This morning, upon returning home from a weekend-long babysitting adventure, I saw the boxes, the laundry from Thursday, the odds and ends that on their own wouldn't be so bad but together are reminiscent of Joplin Missouri footage--and I thought, "It's PAST time to be going now."

Tyler from the kitchen: Oh no.

Sundy from the stairway: What? What?!

Tyler: Something gross. Don't come in here.

Sundy: Ants?

T: No.

Sundy: A mouse? A slug? [mind you, we have had all of these appear on the floor of our kitchen at various times throughout our stay by the mule pasture].

T: I'm not going to tell you.

S: [the unknown is much worse than anything, right?] Tell me!

T: A snake.

S: Ahhhhhh!

It's past time to be moving now.

Wednesday, October 19, 2011

A Dreaming Doctor

When Tyler was 2 years old, his sister BreAnn was born with physical and mental impairments. From a young age, Tyler learned to protect his sister. The few times I have seen Tyler shed numerous tears have centered on situations where those with physical and mental infirmities were treated with humiliation or mocked. I have become much more sensitive to those with special needs and also those who in jest and often without realization mock the children of God.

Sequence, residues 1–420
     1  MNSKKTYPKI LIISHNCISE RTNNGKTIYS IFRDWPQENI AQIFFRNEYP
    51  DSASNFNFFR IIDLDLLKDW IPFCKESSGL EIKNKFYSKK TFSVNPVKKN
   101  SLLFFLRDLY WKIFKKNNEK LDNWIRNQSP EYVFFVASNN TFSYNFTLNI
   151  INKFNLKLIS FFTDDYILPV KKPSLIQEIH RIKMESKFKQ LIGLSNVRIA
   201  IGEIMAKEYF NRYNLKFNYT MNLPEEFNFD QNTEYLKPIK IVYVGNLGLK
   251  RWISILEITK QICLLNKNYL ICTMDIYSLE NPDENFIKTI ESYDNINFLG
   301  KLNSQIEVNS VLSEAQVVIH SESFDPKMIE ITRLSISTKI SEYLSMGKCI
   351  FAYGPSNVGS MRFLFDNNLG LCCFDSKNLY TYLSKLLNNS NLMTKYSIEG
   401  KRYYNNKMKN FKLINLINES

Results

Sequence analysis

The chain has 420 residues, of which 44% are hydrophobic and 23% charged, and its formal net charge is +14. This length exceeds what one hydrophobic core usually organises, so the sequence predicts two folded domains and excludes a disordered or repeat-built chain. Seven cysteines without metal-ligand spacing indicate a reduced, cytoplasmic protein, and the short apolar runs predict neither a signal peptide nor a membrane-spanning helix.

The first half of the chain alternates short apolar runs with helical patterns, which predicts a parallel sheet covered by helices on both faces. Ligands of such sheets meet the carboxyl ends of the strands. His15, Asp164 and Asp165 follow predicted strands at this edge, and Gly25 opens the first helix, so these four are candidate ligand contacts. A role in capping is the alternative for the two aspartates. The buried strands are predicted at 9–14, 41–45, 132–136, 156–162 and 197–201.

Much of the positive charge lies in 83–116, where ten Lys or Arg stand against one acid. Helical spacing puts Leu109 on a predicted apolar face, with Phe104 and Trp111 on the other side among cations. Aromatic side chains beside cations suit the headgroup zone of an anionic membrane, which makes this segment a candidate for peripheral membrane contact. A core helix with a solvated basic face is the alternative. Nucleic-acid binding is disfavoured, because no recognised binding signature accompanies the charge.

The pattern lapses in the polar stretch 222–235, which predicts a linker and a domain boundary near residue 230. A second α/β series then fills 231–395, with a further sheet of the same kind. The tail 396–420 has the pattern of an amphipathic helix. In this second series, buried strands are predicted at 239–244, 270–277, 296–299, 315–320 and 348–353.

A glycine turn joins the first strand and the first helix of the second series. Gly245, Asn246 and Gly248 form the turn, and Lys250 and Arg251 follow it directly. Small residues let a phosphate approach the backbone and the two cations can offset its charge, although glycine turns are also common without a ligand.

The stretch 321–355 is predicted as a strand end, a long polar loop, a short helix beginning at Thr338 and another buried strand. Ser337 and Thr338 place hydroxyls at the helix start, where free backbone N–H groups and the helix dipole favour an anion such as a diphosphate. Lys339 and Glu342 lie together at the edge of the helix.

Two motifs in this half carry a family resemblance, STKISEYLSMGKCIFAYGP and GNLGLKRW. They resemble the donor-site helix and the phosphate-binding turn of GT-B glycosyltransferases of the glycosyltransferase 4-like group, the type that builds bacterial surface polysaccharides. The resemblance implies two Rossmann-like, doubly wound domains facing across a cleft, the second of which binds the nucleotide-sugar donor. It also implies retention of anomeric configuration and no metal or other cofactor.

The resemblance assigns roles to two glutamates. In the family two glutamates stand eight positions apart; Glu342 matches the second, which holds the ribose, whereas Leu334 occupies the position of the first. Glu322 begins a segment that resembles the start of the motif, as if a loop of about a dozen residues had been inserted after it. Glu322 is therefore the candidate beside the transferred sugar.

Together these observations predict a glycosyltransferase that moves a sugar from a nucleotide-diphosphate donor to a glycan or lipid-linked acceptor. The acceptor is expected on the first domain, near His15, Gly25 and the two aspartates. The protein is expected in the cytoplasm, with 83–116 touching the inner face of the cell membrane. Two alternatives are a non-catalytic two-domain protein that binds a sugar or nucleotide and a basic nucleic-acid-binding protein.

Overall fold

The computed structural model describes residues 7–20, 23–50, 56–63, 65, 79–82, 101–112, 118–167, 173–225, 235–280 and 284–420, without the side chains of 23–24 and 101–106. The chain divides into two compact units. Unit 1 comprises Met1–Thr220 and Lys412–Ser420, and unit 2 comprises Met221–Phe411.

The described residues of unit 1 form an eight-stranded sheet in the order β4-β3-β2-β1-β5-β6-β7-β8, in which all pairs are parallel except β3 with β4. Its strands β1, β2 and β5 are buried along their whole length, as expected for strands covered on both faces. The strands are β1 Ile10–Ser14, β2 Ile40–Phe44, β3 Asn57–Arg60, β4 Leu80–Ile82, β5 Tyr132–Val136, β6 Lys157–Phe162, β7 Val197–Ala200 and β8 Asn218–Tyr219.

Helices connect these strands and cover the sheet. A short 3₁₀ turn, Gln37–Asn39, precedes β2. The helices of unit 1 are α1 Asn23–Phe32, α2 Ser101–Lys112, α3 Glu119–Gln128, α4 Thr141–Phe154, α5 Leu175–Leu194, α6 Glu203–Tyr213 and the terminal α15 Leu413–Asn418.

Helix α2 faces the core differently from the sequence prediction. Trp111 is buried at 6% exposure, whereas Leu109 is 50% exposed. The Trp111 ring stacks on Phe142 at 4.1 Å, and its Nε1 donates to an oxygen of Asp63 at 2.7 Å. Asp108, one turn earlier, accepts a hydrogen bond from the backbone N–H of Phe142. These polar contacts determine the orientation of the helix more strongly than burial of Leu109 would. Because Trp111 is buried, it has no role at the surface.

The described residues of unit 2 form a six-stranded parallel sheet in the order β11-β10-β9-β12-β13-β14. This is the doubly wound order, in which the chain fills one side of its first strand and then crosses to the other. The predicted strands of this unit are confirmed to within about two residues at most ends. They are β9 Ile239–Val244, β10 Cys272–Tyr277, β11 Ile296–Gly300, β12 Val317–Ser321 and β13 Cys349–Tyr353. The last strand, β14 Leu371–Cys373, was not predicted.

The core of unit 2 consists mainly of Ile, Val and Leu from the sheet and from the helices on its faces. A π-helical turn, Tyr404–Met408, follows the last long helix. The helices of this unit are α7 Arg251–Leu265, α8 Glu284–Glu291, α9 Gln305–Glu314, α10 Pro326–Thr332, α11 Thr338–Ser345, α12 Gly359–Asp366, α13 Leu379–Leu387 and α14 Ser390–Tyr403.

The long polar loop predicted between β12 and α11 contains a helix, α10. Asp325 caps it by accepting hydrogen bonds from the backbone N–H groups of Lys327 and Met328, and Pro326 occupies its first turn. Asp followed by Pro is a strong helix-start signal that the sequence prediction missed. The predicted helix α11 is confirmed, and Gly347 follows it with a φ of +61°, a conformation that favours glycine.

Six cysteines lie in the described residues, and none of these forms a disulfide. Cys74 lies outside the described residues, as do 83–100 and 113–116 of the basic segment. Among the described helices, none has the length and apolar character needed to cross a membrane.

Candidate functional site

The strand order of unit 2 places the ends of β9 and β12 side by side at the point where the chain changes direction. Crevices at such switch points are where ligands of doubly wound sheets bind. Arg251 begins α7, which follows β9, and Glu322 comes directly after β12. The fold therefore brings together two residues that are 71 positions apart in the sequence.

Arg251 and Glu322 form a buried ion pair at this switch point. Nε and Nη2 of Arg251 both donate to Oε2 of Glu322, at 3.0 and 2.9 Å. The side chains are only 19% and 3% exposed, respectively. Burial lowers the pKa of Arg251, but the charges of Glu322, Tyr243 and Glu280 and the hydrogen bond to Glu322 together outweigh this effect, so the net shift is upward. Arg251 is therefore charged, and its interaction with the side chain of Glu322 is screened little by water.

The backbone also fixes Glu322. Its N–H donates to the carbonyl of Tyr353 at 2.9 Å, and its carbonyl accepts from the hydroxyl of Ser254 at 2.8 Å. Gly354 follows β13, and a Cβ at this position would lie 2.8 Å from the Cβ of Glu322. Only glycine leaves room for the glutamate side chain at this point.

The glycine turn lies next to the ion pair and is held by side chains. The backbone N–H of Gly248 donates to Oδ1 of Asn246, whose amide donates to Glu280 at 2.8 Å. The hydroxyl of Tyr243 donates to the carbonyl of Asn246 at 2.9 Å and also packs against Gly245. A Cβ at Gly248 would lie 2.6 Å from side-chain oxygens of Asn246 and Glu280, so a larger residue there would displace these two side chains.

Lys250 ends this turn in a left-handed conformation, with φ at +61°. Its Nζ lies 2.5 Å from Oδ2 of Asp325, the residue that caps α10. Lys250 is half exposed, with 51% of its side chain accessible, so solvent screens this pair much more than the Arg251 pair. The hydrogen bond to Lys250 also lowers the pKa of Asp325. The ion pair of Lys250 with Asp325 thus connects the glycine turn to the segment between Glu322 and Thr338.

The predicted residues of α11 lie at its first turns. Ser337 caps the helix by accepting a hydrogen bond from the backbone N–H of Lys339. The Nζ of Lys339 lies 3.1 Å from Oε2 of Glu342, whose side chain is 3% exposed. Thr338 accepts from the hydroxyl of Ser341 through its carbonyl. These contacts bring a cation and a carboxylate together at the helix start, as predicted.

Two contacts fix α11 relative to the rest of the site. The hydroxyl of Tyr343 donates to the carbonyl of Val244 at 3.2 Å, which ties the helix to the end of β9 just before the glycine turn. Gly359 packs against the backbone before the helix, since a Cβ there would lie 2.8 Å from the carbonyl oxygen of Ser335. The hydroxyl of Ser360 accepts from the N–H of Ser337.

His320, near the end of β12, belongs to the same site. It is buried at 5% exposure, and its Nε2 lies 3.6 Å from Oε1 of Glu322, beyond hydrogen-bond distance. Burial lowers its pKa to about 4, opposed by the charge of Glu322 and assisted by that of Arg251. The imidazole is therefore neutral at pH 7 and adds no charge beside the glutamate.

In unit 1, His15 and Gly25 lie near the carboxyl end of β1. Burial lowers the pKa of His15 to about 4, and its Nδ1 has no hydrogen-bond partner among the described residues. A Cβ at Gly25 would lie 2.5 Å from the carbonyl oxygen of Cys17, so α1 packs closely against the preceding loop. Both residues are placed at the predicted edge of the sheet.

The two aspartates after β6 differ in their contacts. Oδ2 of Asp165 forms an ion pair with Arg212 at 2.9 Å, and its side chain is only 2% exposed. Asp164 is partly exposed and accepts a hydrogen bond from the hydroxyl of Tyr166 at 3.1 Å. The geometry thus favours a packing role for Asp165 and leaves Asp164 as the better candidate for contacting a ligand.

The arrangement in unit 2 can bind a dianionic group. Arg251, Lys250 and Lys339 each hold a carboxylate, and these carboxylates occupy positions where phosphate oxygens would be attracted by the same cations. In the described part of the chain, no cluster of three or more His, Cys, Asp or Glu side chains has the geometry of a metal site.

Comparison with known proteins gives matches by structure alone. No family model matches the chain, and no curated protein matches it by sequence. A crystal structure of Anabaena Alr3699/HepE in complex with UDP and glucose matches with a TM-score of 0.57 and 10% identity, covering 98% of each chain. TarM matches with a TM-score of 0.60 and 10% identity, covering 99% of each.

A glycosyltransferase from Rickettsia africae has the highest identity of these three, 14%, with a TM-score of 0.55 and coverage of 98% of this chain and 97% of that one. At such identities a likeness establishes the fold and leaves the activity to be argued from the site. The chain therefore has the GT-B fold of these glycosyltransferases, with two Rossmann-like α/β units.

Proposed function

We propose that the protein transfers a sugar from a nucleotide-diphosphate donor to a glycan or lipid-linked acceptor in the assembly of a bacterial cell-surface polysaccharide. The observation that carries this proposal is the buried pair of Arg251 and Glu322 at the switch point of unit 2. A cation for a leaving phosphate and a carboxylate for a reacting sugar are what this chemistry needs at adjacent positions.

One of the first things I fell in love with Tyler over was the bond he still has with BreAnn. BreAnn is capable, brilliant, strong-willed, lovable, and full of dreams and hopes. She once told me about what it will be like for her when she gets married and has babies to tend. I know that BreAnn has a special sense of the eternal "now" that only the godly can see. Her mortal body is merely a temporal house for her eternal spirit. She senses that blessings, even ones that take years to come to pass, are still very much in her grasp. Never in a million years would I try to tell BreAnn that she should pick a different dream--she KNOWS she will be a mom, a wife, a queen (well, in her case, a princess--every Halloween, this is no question; BreAnn will be Princess BreAnn) to her family. It may take time, but one day, I know it will happen. And the waiting, the patience, the diligence in struggling through, will bear BreAnn precious fruit that is desirable above all other fruit.